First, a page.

This simulation provides an efficient fabric pattern for creating a symmetric or asymmetric, rectangular or hex tarp. All you need to do is work the sliders on the diagram.
Helpful distance calculations are displayed in the spreadsheet. The "fablength" number is the distance between points M and D on the fabric. The "hexlength" number is the distance between points G and F on the fabric. These numbers are displayed in the diagram as well.
The last thing to notice is the column all the way to the left. If you choose to use the simulated model for your tarp, you can find the coordinates for points A-N there. They are directly under where it says "Dependent Objects."
Other notes:
1. The simulation does not take into account any perimeter hem, so plan accordingly.
2. Use the Pointer tool, the Move tool, and the Zoom tool to change the way objects are oriented on the screen. The upper diagram can be repositioned by moving point O.
3. If you want a rectangular tarp (with 90° angles), make sure that tarpwidth, tarplength, and ridgeline form a pythagorean triple (remember the pythagorean theorem?). For instance, a 6 by 8 tarp gives a 10 foot ridge line, so tarpwidth=72, tarplength=96, and ridgeline=120.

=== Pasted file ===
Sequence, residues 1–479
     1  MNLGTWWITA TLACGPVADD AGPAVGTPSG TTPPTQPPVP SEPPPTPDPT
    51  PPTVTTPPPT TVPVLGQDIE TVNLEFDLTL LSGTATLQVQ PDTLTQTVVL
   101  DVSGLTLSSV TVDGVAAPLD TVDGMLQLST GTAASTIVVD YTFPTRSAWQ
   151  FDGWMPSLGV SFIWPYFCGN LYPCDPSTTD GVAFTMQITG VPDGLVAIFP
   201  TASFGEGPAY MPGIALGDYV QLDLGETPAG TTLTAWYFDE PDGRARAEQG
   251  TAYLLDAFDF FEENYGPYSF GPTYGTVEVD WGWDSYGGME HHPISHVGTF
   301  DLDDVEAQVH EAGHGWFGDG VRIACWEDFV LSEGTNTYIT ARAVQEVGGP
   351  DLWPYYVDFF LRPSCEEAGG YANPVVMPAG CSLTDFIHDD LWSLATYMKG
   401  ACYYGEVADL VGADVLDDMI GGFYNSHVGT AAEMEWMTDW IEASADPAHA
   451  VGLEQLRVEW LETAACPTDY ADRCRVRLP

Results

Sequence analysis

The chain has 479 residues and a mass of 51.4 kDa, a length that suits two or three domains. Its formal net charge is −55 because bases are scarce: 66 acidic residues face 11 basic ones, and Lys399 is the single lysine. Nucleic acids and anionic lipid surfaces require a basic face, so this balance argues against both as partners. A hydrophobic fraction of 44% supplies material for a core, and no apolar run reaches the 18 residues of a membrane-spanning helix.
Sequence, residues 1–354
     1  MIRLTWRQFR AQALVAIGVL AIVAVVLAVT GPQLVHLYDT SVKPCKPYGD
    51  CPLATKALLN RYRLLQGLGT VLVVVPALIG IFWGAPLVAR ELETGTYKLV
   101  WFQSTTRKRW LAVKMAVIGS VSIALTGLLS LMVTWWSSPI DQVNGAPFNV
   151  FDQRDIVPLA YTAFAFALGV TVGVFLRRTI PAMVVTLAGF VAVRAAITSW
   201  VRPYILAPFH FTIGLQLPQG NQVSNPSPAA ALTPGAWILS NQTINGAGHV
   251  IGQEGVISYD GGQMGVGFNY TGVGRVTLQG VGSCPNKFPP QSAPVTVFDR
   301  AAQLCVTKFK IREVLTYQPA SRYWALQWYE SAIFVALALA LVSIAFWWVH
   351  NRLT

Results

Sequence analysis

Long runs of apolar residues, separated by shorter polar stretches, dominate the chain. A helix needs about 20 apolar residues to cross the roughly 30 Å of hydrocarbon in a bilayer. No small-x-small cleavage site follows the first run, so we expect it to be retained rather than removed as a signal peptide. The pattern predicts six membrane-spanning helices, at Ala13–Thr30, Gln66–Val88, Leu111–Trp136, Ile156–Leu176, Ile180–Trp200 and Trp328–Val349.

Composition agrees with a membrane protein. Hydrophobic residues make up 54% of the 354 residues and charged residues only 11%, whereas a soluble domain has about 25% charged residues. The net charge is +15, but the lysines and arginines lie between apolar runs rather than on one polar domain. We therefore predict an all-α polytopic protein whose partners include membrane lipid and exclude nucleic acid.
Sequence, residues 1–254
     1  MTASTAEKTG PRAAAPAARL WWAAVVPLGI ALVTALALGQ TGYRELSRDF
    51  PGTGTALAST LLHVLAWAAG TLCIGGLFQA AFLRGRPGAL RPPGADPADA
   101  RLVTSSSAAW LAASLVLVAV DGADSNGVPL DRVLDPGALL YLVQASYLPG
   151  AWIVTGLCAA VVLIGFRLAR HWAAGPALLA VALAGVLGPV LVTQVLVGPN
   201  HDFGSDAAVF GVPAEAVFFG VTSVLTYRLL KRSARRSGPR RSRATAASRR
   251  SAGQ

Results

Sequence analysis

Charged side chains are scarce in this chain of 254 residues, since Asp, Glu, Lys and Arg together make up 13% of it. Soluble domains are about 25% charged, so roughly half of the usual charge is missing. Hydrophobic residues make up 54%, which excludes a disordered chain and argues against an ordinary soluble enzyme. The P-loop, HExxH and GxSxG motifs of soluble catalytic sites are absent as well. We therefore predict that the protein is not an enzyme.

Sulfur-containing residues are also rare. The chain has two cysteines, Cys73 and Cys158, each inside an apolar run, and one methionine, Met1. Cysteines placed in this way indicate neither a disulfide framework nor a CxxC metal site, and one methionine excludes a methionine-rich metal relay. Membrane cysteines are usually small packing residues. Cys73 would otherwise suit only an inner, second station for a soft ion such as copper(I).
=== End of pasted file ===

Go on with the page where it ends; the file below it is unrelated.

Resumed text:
4. If you want to change the lengths of the sliders, you can do so by changing the brown numbers in the spreadsheet. Or, you can edit spreadsheet cells B2, B3, B4, and B5 directly.
5. If you're trying to determine distances between points that aren't listed, use common sense. Symmetry goes a long way. Or, you can use the Distance tool (under the Angle tool) to find these numbers exactly.
6. Tip: if you're creating a hex tarp, attach seam AG to seam JD to provide a leftover rectangular piece of material that is the with of your fabric and length MG. I'm sure this would be plenty big enough to make a stuff sack. If you're creating a rectangular tarp, consider attaching seam AM to ND.